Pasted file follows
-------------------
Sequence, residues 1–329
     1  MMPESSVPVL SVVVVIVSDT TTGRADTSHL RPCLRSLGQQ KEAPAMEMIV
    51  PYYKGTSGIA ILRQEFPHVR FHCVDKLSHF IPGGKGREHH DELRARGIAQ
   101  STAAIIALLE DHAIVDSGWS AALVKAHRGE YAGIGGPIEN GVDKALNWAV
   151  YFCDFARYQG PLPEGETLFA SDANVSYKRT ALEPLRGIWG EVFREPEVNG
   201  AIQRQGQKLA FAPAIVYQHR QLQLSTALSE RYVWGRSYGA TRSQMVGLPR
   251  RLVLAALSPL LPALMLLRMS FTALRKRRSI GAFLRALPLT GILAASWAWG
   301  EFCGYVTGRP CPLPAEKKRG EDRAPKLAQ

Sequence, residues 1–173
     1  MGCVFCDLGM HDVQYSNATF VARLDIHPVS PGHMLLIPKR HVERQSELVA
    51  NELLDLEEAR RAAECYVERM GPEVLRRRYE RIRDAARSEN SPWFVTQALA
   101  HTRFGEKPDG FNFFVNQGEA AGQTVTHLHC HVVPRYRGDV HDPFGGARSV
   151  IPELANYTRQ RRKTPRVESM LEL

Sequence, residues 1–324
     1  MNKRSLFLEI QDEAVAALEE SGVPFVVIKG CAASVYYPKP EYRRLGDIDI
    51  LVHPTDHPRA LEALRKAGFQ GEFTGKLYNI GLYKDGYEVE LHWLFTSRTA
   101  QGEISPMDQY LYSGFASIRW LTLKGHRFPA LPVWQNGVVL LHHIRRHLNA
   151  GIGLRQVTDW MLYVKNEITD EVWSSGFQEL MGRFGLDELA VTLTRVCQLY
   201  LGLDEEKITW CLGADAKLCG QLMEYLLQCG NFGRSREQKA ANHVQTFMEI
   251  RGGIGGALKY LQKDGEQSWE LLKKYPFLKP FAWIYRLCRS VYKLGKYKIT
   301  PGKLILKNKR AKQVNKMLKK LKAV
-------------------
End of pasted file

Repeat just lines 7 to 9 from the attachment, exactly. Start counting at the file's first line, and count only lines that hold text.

   251  RLVLAALSPL LPALMLLRMS FTALRKRRSI GAFLRALPLT GILAASWAWG
   301  EFCGYVTGRP CPLPAEKKRG EDRAPKLAQ

Sequence, residues 1–173